Wednesday, March 18, 2015

Good Morning Monotreme

The faint sound of my iphone chiming some tune drifts in and out of my dreams and I dismiss the mumble as rubbish. Then, the next thing I know, my friend Vidhu is knocking on my door and I spring out of bed, in my boxers. I open the door and greet him with an "I'm up. See ya in the DTR"

Today is mountain day. Us 18 Uni Hall students have woken up at 4:00 am to climb Castle Hill in hopes of watching the sun rise over the majestic coast of Townsville.

So I put some clothes on, grabbed my bag, and shot a cup of tea in the microwave for a pre-hike pump. As I round the last stair case to the DTR (the hall lobby) I'm greeted by 8 of my good friends, Some running off 5-6 hours of sleep others running off 1 or 0 hours of sleep. Tiredness does weird things to people. Some of them were bouncing off the walls with energy, others couldn't keep their eye's open, and the people like me drowsily amble about but with the focus and reflex of a tiger.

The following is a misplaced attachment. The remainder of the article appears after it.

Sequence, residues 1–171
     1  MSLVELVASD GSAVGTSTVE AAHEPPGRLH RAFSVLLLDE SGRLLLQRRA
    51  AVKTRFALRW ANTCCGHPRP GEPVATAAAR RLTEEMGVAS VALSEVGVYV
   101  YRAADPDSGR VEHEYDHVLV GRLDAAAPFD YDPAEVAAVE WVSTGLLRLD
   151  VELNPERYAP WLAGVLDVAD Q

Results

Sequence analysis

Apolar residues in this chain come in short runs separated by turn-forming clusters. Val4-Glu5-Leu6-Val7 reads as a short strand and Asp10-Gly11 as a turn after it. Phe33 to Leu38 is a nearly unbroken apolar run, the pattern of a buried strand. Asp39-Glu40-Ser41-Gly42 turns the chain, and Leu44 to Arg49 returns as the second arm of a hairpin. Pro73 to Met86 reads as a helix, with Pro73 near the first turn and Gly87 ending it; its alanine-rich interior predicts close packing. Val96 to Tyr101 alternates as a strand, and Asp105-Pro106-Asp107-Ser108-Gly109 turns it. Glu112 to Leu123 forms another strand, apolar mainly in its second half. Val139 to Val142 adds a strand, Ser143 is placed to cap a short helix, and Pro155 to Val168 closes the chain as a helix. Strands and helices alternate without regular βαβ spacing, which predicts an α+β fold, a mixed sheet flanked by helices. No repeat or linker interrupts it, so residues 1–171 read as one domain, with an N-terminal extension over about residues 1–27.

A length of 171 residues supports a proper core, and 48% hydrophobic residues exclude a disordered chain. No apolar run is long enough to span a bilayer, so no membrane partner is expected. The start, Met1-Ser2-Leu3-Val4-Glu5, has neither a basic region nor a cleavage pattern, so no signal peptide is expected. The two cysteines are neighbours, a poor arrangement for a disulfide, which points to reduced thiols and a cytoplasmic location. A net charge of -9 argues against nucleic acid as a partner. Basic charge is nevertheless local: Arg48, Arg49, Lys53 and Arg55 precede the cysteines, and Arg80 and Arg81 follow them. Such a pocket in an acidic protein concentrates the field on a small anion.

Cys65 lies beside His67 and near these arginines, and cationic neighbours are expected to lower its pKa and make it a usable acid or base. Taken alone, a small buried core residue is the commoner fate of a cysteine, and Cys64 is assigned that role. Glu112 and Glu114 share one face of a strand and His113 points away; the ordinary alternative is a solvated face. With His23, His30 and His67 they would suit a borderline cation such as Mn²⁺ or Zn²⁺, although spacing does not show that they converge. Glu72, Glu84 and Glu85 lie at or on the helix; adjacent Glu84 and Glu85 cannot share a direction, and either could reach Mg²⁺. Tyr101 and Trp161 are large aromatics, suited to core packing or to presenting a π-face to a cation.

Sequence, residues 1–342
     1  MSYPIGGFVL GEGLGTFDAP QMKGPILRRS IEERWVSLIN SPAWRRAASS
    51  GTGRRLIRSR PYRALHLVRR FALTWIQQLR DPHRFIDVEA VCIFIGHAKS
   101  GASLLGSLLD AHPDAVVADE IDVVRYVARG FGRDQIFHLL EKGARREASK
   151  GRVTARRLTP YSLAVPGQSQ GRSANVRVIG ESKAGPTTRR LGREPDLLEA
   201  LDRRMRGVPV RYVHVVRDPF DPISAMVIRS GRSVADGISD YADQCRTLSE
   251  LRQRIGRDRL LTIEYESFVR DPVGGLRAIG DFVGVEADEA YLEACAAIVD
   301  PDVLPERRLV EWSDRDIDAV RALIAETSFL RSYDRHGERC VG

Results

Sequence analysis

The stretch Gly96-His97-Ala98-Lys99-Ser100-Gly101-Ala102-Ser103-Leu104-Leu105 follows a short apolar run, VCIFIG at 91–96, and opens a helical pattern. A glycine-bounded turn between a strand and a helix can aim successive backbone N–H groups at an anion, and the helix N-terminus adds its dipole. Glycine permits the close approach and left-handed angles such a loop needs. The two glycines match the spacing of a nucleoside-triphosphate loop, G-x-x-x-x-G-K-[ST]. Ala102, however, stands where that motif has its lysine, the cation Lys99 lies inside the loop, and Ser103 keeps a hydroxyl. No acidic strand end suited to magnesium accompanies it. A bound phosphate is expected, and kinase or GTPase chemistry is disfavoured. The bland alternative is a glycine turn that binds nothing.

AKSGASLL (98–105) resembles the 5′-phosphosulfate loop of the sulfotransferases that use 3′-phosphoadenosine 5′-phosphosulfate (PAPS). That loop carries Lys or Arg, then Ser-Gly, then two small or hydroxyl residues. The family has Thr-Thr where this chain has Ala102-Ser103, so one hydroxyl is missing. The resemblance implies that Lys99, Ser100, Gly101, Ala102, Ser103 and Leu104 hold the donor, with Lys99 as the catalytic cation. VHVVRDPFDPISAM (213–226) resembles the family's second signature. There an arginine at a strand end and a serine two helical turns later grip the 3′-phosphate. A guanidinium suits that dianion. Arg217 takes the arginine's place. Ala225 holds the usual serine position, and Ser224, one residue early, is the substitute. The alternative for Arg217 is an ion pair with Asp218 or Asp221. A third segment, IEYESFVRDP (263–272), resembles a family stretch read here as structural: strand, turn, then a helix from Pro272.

Only a short drive stood between us and the base of the hill. But my group got side tracked. . .
"What's that?" Said someone.
 I said, "It's an Echidna! Right on!"
Vidhu said, "Quick, pull the car over! Dylan catch it."
As I bailed out of the car, I muster the very basic knowledge I knew of the Echidna from mammalogy class and random videos I'd watched. As I approached the Echidna realized the threat and started digging. Echidna's are very similar to the porcupines we have in the USA because they are covered with spikes. I'd like to think the Echidna's spikes are more numerous and uniform than our porcupine. So when the Echidna feels threaten, it started to dig and wedge it's vulnerable belly side to the ground, holding itself in place with it's massive digging claws, while its formidable spikes do the defense bidding against potential predators. Catching Echidna is simple if you have tough hands, just flip them over onto one hand, and they curl up into a ball of spikes.

I was pleased to successfully catch my first Echidna. These special mammals are monotremes. They are egg laying mammals, and they are the oldest surviving mammals on earth. I'm nerding out holding this spike ball in my hand because I realize the years of ecological significance this species has been through.

After a few pictures, I set my Echidna friend down and bid him farewell. As we drove on up the hill, he ambled off to eat some more ants.

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